Finweek English Edition - - IN DEPTH RETIREMENT -

As of March 2015, prov­i­dent funds are treated more like pen­sion funds. But this does not mean the end of prov­i­dent funds.

Prior to the re­form, pen­sion fund mem­bers could re­ceive a third of their to­tal ben­e­fits in cash, while two-thirds were paid out as pen­sion for the rest of the mem­ber’s life. The prov­i­dent fund mem­ber, on the other hand, could get one with­drawal be­fore retirement and their full ben­e­fit paid in a cash lump sum.

With the new re­form, a mem­ber aged 55 or older as of March 2015 – when the re­form was im­ple­mented – will not ex­pe­ri­ence any changes in ac­cess to their funds. Such prov­i­dent fund mem­bers will still be en­ti­tled to the ben­e­fits of the prov­i­dent fund struc­ture as we cur­rently know it, says Butchart.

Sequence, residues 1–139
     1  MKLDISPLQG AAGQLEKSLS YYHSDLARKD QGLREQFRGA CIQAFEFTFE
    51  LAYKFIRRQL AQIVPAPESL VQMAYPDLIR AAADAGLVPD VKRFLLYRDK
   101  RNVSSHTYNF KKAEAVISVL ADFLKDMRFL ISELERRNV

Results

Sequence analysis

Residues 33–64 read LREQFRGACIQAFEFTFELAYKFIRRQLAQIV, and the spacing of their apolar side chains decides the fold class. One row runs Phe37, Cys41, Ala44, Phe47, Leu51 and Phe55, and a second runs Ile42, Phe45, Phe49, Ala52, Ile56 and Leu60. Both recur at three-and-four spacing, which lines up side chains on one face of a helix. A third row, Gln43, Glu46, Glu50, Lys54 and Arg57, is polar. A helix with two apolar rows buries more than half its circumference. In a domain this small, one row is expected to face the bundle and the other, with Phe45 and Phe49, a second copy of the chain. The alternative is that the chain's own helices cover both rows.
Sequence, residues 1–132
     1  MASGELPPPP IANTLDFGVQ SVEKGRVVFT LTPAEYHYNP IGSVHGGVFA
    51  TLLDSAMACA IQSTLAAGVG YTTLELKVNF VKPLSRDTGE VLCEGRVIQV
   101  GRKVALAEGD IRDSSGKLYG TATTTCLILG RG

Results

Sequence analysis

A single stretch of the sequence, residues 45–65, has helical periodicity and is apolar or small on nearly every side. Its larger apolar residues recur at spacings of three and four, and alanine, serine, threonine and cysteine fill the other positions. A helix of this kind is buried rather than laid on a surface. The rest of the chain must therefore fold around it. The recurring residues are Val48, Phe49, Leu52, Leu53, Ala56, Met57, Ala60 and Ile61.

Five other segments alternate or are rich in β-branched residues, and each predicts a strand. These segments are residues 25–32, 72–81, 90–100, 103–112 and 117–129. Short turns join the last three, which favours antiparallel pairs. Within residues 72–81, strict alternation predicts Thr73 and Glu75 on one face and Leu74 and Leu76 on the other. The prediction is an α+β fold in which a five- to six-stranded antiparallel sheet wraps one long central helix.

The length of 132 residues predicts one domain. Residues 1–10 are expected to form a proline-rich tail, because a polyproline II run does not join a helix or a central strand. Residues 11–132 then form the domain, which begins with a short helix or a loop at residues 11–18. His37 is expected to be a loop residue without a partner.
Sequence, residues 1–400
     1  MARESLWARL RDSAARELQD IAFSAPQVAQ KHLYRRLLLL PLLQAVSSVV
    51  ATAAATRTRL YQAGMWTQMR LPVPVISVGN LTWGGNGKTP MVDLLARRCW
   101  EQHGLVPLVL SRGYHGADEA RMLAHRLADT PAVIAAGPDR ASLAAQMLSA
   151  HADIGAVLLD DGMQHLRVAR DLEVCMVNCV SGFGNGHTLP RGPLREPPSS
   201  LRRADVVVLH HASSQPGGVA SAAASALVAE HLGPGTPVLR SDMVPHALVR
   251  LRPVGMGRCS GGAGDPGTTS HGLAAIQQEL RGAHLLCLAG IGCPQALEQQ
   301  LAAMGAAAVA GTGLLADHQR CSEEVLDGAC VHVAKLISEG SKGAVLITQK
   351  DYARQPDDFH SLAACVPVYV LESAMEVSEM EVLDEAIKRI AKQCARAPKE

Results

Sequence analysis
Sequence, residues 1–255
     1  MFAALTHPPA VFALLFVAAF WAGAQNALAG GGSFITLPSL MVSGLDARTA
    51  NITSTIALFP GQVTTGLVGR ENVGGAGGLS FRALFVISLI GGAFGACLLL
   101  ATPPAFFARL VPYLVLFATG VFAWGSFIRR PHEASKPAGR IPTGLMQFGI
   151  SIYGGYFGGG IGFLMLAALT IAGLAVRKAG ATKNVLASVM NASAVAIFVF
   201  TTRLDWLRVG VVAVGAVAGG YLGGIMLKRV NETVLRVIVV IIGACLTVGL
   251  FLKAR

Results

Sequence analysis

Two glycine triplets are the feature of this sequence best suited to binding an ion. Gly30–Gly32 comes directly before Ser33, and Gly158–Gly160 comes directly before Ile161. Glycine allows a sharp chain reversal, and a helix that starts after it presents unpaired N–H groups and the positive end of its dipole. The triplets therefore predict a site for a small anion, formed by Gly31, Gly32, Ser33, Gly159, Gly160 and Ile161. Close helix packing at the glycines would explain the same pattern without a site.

If the retirement fund mem­ber had not reached the age of 55 on the im­ple­men­ta­tion date, then the vested value in their cur­rent funds will be no­tarised. “That por­tion of your funds, as well as the growth on that por­tion of the funds, will be dealt with in the ap­pli­ca­ble tax dis­pen­sa­tion as was pre­vi­ously the case. Ad­di­tional pre­mi­ums and growth af­ter the ef­fec­tive date will be dealt with as per the new tax dis­pen­sa­tion and will need to be an­nui­tised at retirement in the same man­ner as a pen­sion fund,” says Butchart.

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